ST. LOUIS — A collapse in labor negotiations delaying the start of the baseball season could be a major headache for companies here.
Dozens of them rely on the Cardinals to bring customers downtown to eat, drink, sleep — and spend — from April through October.
“St. Louis needs the Cardinals to play baseball,” said Ryan Loeffler, owner of Big Daddy’s Bar in Soulard, which operates shuttles to and from games. “It hurts everyone if they don’t.”
But as of Monday night, MLB players and owners had yet to reach an agreement on how to share the game’s wealth for upcoming seasons, though the league said it needed an agreement that day to start the regular season on time . Questions about minimum wages for players, luxury taxes for owners, and the expansion of the playoffs all went unanswered. Both sides appeared poised to negotiate late into the night at Roger Dean Stadium in Jupiter, Fla., where the Cardinals are holding spring training.
All St. Louis businesses could do was hope. This opening day is particularly important. More than a few bars and restaurants here have been closed in the wake of the pandemic, and many of the survivors are still working to return to full strength.
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Gary Pohrer, co-owner of St. Louis Parking, which manages several parking lots within walking distance of Busch Stadium, said his company is still feeling the impact of office workers giving up commuting for Zoom. Hotel stays in the region have rebounded, said Brian Hall, chief marketing officer at the region’s tourism bureau. But they are still 10-20% cheaper than 2019.
“After two years of COVID, we need to get back to normal,” said Bob O’Loughlin, whose company owns the St. Louis Hilton in the Ballpark and its Three Sixty Rooftop Bar, among others.
The Cost of a Bad Result for Baseball? “You’re talking millions of dollars lost,” O’Loughlin said.
Dave Bailey, owner of Baileys’ Range on Olive Street and The Bridge bar on Locust Street, said it would be a big deal for anything downtown.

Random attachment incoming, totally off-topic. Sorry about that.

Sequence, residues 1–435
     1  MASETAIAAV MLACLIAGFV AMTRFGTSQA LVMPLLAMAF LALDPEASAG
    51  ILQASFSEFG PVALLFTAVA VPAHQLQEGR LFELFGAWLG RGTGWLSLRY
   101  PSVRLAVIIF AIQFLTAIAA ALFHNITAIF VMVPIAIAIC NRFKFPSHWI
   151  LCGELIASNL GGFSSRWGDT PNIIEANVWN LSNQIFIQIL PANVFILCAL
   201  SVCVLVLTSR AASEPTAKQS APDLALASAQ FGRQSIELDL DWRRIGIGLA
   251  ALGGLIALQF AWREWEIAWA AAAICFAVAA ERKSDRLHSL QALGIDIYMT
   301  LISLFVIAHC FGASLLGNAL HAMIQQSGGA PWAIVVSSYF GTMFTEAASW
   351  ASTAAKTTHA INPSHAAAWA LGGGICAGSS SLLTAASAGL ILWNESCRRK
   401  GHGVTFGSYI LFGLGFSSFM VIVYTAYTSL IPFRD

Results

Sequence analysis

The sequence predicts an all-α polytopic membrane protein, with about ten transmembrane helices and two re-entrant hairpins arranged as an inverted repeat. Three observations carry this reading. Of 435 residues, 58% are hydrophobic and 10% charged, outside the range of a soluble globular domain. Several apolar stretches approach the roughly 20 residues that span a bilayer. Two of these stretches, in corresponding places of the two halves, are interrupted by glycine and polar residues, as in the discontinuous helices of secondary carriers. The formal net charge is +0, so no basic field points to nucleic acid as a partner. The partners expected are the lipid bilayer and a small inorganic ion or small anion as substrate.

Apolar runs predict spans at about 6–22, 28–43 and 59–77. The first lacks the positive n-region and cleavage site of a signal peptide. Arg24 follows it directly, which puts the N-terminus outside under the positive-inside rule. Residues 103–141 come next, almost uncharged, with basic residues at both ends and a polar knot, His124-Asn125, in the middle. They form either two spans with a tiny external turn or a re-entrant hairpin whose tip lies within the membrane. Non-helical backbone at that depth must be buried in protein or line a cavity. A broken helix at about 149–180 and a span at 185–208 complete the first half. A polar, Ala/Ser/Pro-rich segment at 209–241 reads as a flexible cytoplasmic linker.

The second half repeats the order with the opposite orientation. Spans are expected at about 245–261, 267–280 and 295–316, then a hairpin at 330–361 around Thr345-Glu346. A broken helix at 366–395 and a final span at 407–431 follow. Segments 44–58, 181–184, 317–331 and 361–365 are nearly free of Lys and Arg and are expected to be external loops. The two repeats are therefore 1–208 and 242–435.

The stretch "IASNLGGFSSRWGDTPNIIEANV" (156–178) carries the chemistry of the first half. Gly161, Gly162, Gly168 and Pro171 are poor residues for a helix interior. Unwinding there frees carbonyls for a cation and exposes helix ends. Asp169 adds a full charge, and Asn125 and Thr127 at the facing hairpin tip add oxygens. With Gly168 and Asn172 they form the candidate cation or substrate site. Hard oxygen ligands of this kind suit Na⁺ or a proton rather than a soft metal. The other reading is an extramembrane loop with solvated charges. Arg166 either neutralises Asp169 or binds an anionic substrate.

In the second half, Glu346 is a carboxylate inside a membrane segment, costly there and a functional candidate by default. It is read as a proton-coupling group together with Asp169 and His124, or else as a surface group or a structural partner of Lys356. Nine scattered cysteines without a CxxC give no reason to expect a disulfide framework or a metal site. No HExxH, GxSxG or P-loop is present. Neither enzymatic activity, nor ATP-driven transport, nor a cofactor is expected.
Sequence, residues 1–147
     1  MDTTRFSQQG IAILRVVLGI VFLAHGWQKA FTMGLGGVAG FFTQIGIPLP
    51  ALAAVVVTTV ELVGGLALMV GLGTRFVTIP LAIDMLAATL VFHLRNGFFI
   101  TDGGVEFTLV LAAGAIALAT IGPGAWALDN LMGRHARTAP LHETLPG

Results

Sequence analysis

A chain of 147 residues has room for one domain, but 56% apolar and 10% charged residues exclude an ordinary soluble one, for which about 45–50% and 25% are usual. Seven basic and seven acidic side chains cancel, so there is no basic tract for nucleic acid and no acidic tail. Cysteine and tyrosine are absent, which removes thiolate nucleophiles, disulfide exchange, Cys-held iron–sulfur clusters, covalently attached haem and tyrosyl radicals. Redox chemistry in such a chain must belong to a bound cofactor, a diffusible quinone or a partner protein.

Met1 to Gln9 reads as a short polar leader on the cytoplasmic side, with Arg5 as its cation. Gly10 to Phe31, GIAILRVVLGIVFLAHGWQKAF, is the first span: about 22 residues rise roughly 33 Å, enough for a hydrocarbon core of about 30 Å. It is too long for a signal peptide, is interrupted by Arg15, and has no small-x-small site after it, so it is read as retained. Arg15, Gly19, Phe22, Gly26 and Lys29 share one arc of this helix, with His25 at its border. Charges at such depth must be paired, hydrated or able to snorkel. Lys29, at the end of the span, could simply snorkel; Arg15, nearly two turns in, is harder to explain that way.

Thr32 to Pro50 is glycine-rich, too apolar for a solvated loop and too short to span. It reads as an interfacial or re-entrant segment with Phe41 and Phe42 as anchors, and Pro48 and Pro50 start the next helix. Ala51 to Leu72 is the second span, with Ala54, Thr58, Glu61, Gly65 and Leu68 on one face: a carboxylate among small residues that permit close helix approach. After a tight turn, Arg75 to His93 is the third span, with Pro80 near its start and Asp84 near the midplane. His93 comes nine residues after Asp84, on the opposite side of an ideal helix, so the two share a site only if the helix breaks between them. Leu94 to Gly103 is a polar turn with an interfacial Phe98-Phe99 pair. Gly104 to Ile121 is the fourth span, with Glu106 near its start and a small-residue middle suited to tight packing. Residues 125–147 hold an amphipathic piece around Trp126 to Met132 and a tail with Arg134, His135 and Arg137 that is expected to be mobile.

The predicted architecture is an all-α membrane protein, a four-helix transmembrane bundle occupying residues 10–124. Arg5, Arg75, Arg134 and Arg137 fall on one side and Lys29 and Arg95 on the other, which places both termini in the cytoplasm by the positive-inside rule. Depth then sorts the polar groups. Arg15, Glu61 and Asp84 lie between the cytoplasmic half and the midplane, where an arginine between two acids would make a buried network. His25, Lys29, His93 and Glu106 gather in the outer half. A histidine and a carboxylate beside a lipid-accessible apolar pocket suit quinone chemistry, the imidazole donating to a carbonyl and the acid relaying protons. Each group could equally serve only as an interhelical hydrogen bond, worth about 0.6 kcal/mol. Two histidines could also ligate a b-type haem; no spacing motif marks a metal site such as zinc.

In addition to fans, he said, restaurants also serve players, their families and all stadium workers.
“It’s a lot of different types of people,” he said, “not just the ticket holders.”
And of course they are a big deal too.
Loeffler said he can count on dozens of them to stop by at almost every game at Big Daddy’s. You pay for something to eat or drink and get a free ride to Busch Stadium and back. When the Cubs are in town he can make 300 go back and forth.
“Without this shuttle, I don’t know if we are what we are,” he said. He doesn’t want to find out either.
Losing a month could cost him $50,000 to $100,000, enough to reconsider the deal. At the very least, he would have to cut staff, which would make it even more difficult to keep chefs and bartenders from fleeing the service industry for Amazon and Co.
“We’ll have to come up with some gimmicks to get butts in seats,” he said. “Maybe a bbq contest or a ladies’ night.”
Not everyone is so concerned.
Tom Schmidt, who opened a Salt + Smoke grill restaurant across from the stadium last spring, said he thinks it’s going to be a good year with or without baseball. Off-season traffic in Ballpark Village, buoyed by the return of festivals, concerts and conventions, has exceeded expectations, he said.
But Schmidt said that as a baseball fan and businessman, he’s hard on a deal. Cardinals Baseball likely adds another 25% to its business for the year, he said.
“Baseball just brings so much to the table,” he said.
Pohrer, the manager of the parking garage, agreed. It also goes beyond business, he said.
“With everything that’s going on in the world, we want to enjoy baseball,” he said. “We need it.”